That anxiety may be in your gut, not in your head

May 17, 2011, McMaster University

For the first time, researchers at McMaster University have conclusive evidence that bacteria residing in the gut influence brain chemistry and behaviour.

The findings are important because several common types of , including , are frequently associated with anxiety or depression. In addition there has been speculation that some psychiatric disorders, such as late onset autism, may be associated with an abnormal bacterial content in the .

"The exciting results provide stimulus for further investigating a microbial component to the causation of behavioural illnesses," said Stephen Collins, professor of medicine and associate dean research, Michael G. School of Medicine. Collins and Premysl Bercik, assistant professor of medicine, undertook the research in the Farncombe Family Digestive Health Research Institute.

The research appears in the online edition of the journal Gastroenterology.

For each person, the gut is home to about 1,000 trillium with which we live in harmony. These bacteria perform a number of functions vital to health: They harvest energy from the diet, protect against infections and provide nutrition to cells in the gut. Any disruption can result in life-threatening conditions, such as antibiotic-induced colitis from infection with the "superbug" Clostridium difficile.

Working with healthy adult mice, the researchers showed that disrupting the normal bacterial content of the gut with antibiotics produced changes in behaviour; the mice became less cautious or anxious. This change was accompanied by an increase in (BDNF), which has been linked, to depression and anxiety.

When oral antibiotics were discontinued, bacteria in the gut returned to normal. "This was accompanied by restoration of normal behaviour and ," Collins said.

To confirm that bacteria can influence behaviour, the researchers colonized germ-free mice with bacteria taken from mice with a different behavioural pattern. They found that when germ-free mice with a genetic background associated with passive behaviour were colonized with bacteria from mice with higher exploratory behaviour, they became more active and daring. Similarly, normally active mice became more passive after receiving bacteria from mice whose genetic background is associated with passive behaviour.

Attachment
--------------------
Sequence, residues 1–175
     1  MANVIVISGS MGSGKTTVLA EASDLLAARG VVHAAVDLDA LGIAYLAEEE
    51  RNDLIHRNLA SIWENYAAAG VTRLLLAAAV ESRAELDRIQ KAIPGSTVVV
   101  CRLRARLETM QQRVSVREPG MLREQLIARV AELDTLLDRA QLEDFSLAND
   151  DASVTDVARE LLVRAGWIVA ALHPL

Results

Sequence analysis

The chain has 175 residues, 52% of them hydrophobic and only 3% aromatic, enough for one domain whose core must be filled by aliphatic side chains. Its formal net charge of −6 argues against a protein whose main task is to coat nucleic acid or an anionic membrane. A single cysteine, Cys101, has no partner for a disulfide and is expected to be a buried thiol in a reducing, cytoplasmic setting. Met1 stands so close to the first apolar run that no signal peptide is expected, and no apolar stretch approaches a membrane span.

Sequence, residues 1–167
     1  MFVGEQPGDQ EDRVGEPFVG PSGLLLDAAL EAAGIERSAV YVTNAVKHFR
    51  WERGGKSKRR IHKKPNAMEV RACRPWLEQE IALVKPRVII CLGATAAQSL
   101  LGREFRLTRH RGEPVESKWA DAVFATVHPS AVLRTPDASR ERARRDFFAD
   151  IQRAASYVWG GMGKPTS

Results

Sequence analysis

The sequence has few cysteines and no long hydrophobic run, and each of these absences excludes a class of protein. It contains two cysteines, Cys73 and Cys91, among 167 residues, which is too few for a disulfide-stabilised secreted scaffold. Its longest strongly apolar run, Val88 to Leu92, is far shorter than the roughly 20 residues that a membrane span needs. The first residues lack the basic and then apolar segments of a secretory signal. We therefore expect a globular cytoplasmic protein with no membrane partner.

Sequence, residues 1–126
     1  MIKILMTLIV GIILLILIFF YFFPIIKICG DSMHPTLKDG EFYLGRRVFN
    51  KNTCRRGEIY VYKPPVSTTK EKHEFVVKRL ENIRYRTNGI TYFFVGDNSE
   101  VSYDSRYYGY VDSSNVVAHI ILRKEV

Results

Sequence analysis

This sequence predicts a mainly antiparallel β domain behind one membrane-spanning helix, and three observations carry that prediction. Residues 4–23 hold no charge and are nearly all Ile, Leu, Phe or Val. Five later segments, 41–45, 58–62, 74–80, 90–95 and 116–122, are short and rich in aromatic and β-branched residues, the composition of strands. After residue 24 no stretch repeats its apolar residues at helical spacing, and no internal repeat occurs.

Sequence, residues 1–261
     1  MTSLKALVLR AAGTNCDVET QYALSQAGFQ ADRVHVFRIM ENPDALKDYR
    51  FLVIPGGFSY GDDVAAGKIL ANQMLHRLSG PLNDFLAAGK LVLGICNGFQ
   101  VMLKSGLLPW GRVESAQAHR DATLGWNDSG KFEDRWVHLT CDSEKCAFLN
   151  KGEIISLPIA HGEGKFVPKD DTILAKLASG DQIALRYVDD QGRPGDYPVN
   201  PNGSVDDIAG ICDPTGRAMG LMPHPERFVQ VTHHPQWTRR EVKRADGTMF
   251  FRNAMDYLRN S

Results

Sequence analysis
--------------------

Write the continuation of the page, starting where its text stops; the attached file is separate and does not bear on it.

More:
While previous research has focused on the role bacteria play in brain development early in life, Collins said this latest research indicates that while many factors determine behaviour, the nature and stability of bacteria in the gut appear to influence behaviour and any disruption , from antibiotics or infection, might produce changes in behaviour.

Bercik said that these results lay the foundation for investigating the therapeutic potential of probiotic bacteria and their products in the treatment of behavioural disorders, particularly those associated with gastrointestinal conditions such as irritable bowel syndrome.

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7 comments

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Mungaman
not rated yet May 17, 2011
There are 1000 flowering plants in my gut?
Ionian
3 / 5 (2) May 17, 2011
change "trillium bacteria" to "trillion bacteria"
Mungaman
not rated yet May 17, 2011
Uh, yes Ionian... that's what I was driving at.
gmurphy
not rated yet May 17, 2011
Never mind trillium, the proper term is 'hella many' :-P
plasticpower
not rated yet May 17, 2011
I always suspected this, cool article.
RobertKarlStonjek
not rated yet May 18, 2011
I wonder what effect the change to vegetarianism would have ?
HannesAlfven
not rated yet May 22, 2011
This is 100% in line with firsthand experience. My girlfriend has extreme anxiety, which perfectly cycles with a rash which covers many parts of her body. The rash and anxiety's sudden simultaneous appearance appeared to coincide twice in her life: with an anxiety-drug called Effexor the first time, and the second time with Prozac.

When growing plants organically in real, outdoor soil, organic growers are well-versed in the fact that many synthetic chemicals can kill the natural, living bacteria which feed plants. Thus, organic growers are very cautious with the amounts of synthetic fertilizers which they ever use. Many stick exclusively to organic teas.

By extending the analogy, one has to at least suspect that bacteria create electricity in the human just as they do in plants. In plants, the bacteria are in the soil, whereas in humans, it's in the gut.

Fantastic find. This suggests, for the first time, a way out of this nightmare, which has persisted for about a year now.

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